The opinion of the court was delivered by: Michael J. Seng United States Magistrate Judge
FINDINGS AND RECOMMENDATION FOR DENIAL OF PLAINTIFF'S MOTION FOR AN EMERGENCY INJUNCTION (ECF No. 2)
Plaintiff Donald B. Williams ("Plaintiff") is a state prisoner proceeding pro se and in forma pauperis in this civil rights action pursuant to 42 U.S.C. § 1983. Plaintiff originally filed this action on February 2, 2011. (Compl., ECF No. 1.) On March 17, 2011, the Court issued an Order Dismissing Plaintiff's Complaint with Leave to Amend, and Plaintiff was ordered to file an amended complaint. (Order, ECF No. 9.) Plaintiff filed his First Amended Complaint on April 20, 2011. (Am. Compl., ECF No. 15.) The Court has not yet screened the First Amended Complaint pursuant to 28 U.S.C. § 1915(A)(a), and no other parties have appeared in this action.
Pending before the Court is Plaintiff's Motion for an Emergency Injunction filed on February 2, 2011. (Mot., ECF No. 2.) It appears that Plaintiff is requesting a preliminary injunction or temporary restraining order. Plaintiff requests an "Emergency Injunction Order" directing that he be given his medications, including the medicines he needs for treatment of his diabetes. (Id.) Plaintiff also filed a Motion for a Preliminary Injunction on April 20, 2011, requesting similar relief. (Mot., ECF No. 13.) The Court will deal with this Motion in a separate order.
In the Motion, Plaintiff complains:
He is currently housed at the California State Prison in Corcoran, California ("SATF") and he is not receiving any medical care for his diabetes. Plaintiff has been a Type 2 insulin-dependent diabetic since 2001. He suffers from both hypo- and hyper-glycemia, i.e. low and high blood sugar levels. From approximately January 2010 to May 2010, Plaintiff was housed at two different correctional institutions where he was treated with insulin and provided with diabetic snacks.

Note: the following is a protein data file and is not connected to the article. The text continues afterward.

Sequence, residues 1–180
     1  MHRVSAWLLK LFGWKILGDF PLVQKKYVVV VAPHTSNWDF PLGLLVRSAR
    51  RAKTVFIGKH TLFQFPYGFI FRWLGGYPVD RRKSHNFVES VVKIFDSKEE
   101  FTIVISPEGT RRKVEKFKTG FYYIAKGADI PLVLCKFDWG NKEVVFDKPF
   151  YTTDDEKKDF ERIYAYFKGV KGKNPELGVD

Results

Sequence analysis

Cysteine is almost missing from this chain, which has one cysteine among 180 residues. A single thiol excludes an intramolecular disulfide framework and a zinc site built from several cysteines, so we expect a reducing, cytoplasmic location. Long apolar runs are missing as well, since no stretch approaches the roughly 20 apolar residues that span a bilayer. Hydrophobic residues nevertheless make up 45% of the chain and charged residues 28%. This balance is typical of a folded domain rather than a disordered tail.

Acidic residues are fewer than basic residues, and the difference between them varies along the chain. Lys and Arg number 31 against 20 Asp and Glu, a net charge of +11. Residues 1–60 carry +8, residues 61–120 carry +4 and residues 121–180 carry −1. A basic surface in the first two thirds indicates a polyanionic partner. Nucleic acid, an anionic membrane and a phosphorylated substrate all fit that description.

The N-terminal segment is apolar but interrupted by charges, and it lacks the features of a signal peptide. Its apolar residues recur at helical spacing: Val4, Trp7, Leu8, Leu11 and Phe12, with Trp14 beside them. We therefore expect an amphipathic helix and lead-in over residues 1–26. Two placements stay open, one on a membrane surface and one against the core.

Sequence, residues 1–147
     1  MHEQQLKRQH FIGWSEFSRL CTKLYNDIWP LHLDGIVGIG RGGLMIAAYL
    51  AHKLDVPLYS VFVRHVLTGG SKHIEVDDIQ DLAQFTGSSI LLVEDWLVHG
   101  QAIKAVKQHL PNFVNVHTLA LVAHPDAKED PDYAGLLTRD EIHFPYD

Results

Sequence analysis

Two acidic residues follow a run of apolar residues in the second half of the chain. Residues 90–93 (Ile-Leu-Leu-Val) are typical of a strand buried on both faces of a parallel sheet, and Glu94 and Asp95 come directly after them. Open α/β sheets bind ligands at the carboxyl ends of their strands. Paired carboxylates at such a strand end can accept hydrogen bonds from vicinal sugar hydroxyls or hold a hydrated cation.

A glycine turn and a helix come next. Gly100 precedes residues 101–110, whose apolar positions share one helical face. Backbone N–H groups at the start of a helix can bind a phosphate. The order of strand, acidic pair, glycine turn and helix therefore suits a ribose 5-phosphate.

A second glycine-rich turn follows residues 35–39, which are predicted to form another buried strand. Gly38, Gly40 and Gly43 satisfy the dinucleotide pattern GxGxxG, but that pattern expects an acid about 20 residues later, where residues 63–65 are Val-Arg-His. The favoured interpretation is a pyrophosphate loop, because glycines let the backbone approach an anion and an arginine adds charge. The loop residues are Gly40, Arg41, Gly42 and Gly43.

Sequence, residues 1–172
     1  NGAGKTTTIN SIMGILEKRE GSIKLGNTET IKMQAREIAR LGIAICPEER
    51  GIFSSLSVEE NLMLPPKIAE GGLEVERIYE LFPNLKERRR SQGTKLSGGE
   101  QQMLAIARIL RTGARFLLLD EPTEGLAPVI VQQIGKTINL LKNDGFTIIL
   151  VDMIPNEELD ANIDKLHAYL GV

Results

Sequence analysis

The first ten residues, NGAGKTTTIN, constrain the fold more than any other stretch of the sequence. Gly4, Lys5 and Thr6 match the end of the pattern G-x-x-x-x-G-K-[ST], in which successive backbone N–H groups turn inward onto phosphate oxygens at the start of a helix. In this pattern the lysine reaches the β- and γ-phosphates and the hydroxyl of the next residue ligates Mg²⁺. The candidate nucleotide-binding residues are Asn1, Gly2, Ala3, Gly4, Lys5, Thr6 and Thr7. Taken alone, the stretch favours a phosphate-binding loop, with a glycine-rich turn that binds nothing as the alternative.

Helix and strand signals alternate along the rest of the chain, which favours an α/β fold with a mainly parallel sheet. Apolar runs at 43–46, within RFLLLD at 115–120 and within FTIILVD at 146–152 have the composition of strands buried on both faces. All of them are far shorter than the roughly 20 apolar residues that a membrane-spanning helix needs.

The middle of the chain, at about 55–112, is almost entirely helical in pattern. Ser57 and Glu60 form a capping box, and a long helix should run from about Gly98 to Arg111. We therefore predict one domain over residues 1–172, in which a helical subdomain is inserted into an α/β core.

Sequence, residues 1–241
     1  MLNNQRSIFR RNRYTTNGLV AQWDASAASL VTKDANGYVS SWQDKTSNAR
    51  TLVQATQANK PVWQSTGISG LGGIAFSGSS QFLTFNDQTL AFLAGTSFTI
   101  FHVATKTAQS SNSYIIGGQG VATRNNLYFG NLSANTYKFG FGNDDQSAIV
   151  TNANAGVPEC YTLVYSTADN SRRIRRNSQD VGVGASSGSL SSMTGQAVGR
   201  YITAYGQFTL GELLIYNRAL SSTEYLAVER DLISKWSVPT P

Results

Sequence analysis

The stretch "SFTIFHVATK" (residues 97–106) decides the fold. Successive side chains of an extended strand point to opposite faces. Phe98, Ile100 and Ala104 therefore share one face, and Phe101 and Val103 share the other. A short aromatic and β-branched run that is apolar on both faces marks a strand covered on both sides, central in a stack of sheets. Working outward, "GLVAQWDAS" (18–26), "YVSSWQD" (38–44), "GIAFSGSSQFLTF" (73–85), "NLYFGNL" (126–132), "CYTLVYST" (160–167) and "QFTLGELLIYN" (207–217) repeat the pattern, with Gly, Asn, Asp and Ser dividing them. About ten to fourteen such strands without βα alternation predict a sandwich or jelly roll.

On or about July 26, 2010, Plaintiff was transferred to SATF, where he is presently housed. Plaintiff was initially treated at SATF with insulin and diabetic snacks. On or about September 27, 2010, Plaintiff was determined, without any medical testing, to no longer be diabetic. Nurse LeMay instructed the custody officers in Plaintiff's dorm to confiscate all of Plaintiff's diabetes-related medications. Nurse LeMay acted on orders from Physician's Assistant Byers, who in turn acted on orders from the Chief Medical Officer.*fn1 All testing for diabetes was terminated in November 2010.
Thus, Plaintiff has not received any medical treatment for his diabetes since September 27, 2010. His previously prescribed medicines have been confiscated. Plaintiff is concerned about his health and alleges that he needs his diabetic medicines to "sustain
[l]ife" and to avoid reaching a "critical stage". He requests an "Emergency Injunction Order" directing that he be provided with his necessary medicines.
The Court interprets Plaintiff's Petition as a request for a preliminary injunction and/or, more appropriately given the status of this case, a request for a temporary restraining order. Regardless, the standards, and the Court's analysis and conclusion, below, are effectively the same for each.
Injunctive relief, whether temporary or permanent, is an "extraordinary remedy, never awarded as of right." Winter v. Natural Res. Defense Council, 555 U.S. 7, 22, 129 S.Ct. 365, 376 (2008). "A plaintiff seeking a preliminary injunction must establish that he is likely to succeed on the merits, that he is likely to suffer irreparable harm in the absence of preliminary relief, that the balance of equities tips in his favor, and that an injunction is in the public interest." Am. Trucking Ass'ns, Inc. v. City of Los Angeles, 559 F.3d 1046, 1052 (9th Cir. 2009) (quoting Winter, 555 U.S. at 20).
In cases brought by prisoners involving conditions of confinement, the Prison Litigation Reform Act (PLRA) requires that any preliminary injunction "be narrowly drawn, extend no further than necessary to correct the harm the court finds requires preliminary relief, and be the least ...